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Recession-proof jobs for 2023

By Beni Restea | November 28, 2022

We live in a world filled with uncertainties, and we never know what the future holds. Choosing a career path or starting a new one might get quite challenging. At the moment, everybody is discussing the possibility of a recession, which will most probably have a significant impact on our lives. Considering this economic unpredictability, maybe it’s not the right time to make changes, but the circumstances may force you to make a career switch. Or perhaps you are a fresh graduate and don’t know where to start. You are probably wondering which jobs will be resilient during an economic crisis. We selected some jobs that will stay steady or grow during a possible recession. We’ve chosen the ones that require a college degree and others that don’t. 

Recession-proof jobs that require a college degree

1. Healthcare jobs

If you have a medical college degree, you are one of the fortunate that will be able to work in a steady industry that has faced growth even during periods of uncertainty. People will always need medical attention, regardless of the state of the economy. While people may cut back from optional spending during tough times, they will still need to see their doctor for regular check-ups or seek medical care for possible injuries or illnesses. 

Job examples &  average salaries

  • Medical assistant ($38,432)
  • Nurse ($82,750)
  • Physical therapist ($91,010)
  • Doctor ($224,190)

2. Tech industry

The technology industry has seen growth like never before. We rely on techonology more than we ever did. Whether it is for keeping in touch with our loved ones, working,  or spending leisure time, techonology has become essential in our lives. Tech companies that offer IT support, cell phone troubleshooting, and computer repair don’t seem to be affected by the economic downturn. On the contrary, businesses are using technology to reduce costs by allowing their employees to work from home. 

Job examples & average salaries:

  • Computer Programmers ($84,280)
  • Computer Support Specialists ($53,470)
  • Database Administrators  ($90,070)
  • Software Developers  ($105,590)

3. Education

Economic booms come and go, but you will always benefit from investing money into your education. No matter the state of the economy, higher education, secondary education, or primary education is in high demand. 

Children will be born regardless of the state of the economy, and education professionals will always be in high demand. Those interested in this career should know education delivery style has changed. Online and on-demand education models have arisen. Thus, a teaching job can be versatile in venue and delivery style.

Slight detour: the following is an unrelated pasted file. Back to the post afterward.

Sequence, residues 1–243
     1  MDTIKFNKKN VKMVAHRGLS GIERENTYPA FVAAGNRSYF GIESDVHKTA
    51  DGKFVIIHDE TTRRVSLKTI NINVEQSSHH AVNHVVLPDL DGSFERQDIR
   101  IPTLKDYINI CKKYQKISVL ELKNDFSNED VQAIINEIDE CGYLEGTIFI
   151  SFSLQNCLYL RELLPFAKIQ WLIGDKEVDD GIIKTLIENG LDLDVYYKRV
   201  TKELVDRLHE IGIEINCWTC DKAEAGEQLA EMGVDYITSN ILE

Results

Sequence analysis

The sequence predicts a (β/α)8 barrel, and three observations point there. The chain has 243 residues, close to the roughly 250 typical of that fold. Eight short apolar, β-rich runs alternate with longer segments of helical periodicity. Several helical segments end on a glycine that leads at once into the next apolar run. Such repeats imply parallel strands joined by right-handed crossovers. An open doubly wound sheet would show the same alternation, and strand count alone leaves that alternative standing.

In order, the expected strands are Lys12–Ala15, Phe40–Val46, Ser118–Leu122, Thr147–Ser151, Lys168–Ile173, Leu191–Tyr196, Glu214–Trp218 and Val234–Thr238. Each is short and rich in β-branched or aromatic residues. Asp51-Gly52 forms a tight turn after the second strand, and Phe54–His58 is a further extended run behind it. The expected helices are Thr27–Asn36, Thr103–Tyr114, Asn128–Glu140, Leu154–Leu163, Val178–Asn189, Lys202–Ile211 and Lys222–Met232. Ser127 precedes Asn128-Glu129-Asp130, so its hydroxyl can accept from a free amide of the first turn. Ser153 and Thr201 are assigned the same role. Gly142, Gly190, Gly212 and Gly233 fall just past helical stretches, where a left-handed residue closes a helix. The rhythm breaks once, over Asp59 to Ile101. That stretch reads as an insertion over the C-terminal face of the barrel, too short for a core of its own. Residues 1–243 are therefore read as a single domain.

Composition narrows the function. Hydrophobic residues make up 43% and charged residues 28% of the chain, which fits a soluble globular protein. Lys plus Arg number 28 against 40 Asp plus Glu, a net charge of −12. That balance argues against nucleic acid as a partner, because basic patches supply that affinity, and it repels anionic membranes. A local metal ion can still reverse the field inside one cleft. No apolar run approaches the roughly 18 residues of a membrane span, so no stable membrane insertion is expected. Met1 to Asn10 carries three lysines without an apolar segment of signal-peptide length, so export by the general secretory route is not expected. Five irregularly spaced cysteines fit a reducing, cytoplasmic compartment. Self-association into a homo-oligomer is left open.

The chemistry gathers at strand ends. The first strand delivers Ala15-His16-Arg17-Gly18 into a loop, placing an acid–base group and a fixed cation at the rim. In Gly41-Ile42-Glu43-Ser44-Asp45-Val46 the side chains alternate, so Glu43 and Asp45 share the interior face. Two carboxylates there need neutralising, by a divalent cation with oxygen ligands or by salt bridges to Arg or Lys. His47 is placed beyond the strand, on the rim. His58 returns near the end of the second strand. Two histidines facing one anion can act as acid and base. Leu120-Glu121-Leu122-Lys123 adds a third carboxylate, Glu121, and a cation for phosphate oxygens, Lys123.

Also, on the plus side, teachers are one of the most unionized professions and benefit from many job security protections. 

Job examples & average salaries:

  • High school teacher ($52,835)
  • Elementary school teacher ($48,261)
  • Assistant Professor, Postsecondary / Higher Education ($67,860)
  • Associate Professor, Postsecondary / Higher Education ($77,489)

4. Employees of the federal government

Federal workers have one of the most securest jobs available. Jobs in the civil service and the military are less affected by the recession and provide more stability. Want to make sure you will have a nice retirement? Work for Uncle Sam, and you might really enjoy your golden years. Besides having a good retirement plan, working for the government offers other benefits. For example, you can benefit from great vacation days, sick leaves, and holiday policies. Also, the salaries are competitive. 

Although arguments in congress can affect the recruiting process and budgets, working for the government is a safe bet. 

Job examples& average salaries:

  • Intelligence Analyst ($71,055)
  • Information Technology Specialist ($70,867)
  • Military Pilot, Jet ($81,887)
  • Maintenance Manager ($62,939)

5. Professional in the finance sector

A career in financial services can be very profitable, but besides your financial security, there are many other benefits. Even in times of economic crisis, financial assistance will be needed. Also, many businesses invest in the training and development of their employees. They often encourage professionals to continue their education and provide on-the-job training. With new tools available daily, businesses want their employees to stay updated. While your knowledge expands, you will have the opportunity to advance in your career and develop.